The Halfmoom and Bursa Triggers, (Sufflamen chrysopterus), and (Sufflamen Bursa) respectively can also be kept in a community setting, as can the Pinktail Triggerfish, (Melichthys vidua), the Bluechin Triggerfish, (Xanthichthys auromarginatus), the Crosshatch Triggerfish, (Xanthichthys mento), and the Sargassum Triggerfish, (Xanthichthys ringens). The latter 4 species, as well as Odonus niger have the distinction of being generally safe in reef settings, with the caveat that small shrimp should be added before the Triggerfish, and the Triggers themselves should generally be added last, and be the smallest fish in the tank. In fact, in all cases your Trigger should be the last and smallest fish added to the community. The reason for this is that even relatively peaceable species like the Huma Huma, are only peaceable in relative terms! They are still somewhat aggressive fish, and can do a fair amount of damage in an altercation. For this reason they generally should not only be added last, but also be the smallest fish in the tank. This mitigates the damage that these fish are capable of, and allows the Trigger to become conditioned to the presence of his/her tank mates. Simply following these two rules generally assures that the Trigger does not establish itself as the dominant fish in the community, and allows the other inhabitants to adapt to the presence of the Triggerfish. For their part, Triggers are not generally susceptible to stress from larger, bullying tank mates, and they are quite well armored against anything short of a depth charge attack!


Ok then, what the heck can I keep with it?

Fortunately you have many choices in this department, and if we’re talking about O. niger, M vidua, or one of the Xanthichthys species, your choices are almost unlimited. These species can be kept in reef setups, and often to even bother small shrimp if the shrimp are introduced before the Trigger. For the purposes of this section though we’ll assume that we’re talking about a Rhenicanthus species, a Sufflamen species or ‘gulp’ a young Clown or maybe a Blueline Trigger. Remember, you can keep them in a community for a while, and the fact that many people do is the reason why I mention them here. Unfortunately, this practice is normally the result of ignorance rather than the knowledge that sooner or later other living arrangements will have to be made. I include them here because I know that no matter what I say here, people will do it. Just remember, soon or later something will have to give! I can’t in good conscious include the Undulates even with a disclaimer. This author witnessed a 2” Undulatus attack a 15” Queensland grouper seconds after being introduced into a 200 gallon aquarium.(We won’t get into how appropriate it was to be keeping a grouper that attains a length of ‘cough’over 8’) The Trigger barely had time to take a breath before it was biting the much larger fish…relentlessly I might add. Total elapsed time for the “maybe I’ll get lucky and it will work for me Undulatus cohabitation experiment” – 90 seconds. This small chunk of empirical data, coupled with testimonials from numerous other aquarists leaves me no qualms about stating that this fish should not be kept together with other non-food item fish…ever. A few anomalous occasions where people can get away with it for a short time (it’s happened) shouldn’t persuade you to try it – be warned!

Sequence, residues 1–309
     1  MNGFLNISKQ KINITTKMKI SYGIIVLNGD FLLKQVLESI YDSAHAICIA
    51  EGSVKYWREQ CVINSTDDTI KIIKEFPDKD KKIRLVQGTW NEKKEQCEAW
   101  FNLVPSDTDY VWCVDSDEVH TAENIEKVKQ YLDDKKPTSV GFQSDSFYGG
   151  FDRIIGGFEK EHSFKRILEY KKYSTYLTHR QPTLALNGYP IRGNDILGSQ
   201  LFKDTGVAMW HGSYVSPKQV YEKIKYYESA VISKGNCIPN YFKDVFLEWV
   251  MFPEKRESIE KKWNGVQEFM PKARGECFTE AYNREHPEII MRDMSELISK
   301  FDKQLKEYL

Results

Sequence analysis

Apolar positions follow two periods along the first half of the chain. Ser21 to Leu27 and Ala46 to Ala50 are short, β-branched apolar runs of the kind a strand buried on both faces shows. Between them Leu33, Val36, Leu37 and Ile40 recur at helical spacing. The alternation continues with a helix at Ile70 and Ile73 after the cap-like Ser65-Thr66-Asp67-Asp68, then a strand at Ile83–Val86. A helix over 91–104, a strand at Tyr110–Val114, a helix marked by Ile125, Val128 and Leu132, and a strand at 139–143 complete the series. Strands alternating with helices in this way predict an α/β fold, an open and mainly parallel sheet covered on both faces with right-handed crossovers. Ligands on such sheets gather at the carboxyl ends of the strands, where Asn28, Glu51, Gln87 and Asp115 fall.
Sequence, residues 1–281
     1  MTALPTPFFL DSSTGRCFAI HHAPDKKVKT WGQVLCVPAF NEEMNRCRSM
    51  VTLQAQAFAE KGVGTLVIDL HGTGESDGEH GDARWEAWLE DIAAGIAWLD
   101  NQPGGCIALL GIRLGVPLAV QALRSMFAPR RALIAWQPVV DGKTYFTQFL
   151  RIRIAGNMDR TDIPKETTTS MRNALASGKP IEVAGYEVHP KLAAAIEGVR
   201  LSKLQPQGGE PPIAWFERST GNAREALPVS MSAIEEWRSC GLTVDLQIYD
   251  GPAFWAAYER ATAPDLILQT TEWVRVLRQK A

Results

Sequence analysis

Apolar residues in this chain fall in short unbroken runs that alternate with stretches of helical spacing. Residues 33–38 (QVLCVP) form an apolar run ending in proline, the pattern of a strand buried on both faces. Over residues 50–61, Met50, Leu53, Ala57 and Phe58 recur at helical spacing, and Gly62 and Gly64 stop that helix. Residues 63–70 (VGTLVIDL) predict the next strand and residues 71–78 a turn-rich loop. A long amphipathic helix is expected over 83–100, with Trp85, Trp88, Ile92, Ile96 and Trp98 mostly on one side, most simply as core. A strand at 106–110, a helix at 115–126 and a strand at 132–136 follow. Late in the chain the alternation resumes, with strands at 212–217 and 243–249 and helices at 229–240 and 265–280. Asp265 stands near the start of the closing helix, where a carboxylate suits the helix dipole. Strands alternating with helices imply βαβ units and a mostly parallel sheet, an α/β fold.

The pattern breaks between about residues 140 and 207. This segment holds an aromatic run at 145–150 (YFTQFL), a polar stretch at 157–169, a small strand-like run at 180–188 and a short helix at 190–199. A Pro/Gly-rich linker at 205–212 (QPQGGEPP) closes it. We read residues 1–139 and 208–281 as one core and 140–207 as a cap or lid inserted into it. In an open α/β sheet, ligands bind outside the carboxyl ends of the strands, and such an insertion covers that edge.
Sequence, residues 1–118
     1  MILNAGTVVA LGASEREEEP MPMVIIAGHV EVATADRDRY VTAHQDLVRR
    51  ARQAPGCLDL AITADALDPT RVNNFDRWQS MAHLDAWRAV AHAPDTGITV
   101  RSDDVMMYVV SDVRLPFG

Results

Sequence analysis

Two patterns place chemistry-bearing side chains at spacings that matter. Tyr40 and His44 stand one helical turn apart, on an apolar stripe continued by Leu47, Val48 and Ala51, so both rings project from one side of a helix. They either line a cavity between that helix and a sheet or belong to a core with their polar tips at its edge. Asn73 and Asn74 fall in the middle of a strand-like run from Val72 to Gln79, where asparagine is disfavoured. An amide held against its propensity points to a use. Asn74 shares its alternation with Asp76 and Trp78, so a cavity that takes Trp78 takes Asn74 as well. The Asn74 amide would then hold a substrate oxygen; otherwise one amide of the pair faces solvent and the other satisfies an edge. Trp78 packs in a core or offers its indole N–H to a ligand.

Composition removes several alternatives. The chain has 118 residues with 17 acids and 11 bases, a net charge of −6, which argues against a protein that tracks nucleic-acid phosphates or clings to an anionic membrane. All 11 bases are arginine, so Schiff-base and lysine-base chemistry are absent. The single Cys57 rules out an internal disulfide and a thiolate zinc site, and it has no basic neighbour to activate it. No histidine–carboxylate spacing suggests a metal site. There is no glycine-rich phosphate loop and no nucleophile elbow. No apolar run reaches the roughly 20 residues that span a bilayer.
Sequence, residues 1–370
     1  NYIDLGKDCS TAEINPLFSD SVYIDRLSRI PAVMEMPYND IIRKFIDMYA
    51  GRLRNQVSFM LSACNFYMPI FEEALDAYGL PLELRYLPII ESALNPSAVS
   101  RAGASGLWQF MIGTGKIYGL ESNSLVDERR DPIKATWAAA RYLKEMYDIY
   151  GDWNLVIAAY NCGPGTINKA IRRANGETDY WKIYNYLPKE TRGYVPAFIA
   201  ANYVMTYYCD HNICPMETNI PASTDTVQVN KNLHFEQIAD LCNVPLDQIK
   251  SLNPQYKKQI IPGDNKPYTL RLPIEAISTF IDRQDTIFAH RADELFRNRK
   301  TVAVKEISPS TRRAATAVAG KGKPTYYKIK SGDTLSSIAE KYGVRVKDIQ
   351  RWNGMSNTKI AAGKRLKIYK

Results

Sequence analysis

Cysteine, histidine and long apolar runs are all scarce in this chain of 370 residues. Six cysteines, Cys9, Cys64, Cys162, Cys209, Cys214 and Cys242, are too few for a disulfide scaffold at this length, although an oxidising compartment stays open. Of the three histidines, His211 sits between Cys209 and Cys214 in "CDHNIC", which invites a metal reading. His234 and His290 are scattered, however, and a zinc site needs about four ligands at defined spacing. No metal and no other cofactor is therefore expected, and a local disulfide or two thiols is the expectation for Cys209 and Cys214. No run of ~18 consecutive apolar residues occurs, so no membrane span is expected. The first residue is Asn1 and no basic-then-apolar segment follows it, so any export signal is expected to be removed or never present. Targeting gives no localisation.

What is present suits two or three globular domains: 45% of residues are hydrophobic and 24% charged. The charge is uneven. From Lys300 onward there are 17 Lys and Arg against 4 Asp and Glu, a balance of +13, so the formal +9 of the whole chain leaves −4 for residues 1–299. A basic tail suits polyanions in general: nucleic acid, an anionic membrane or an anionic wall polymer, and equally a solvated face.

Having said all of this, as long as the aquarist follows a few rules and employs some common sense, tank mates are not hard to come by – there are actually plenty of choices.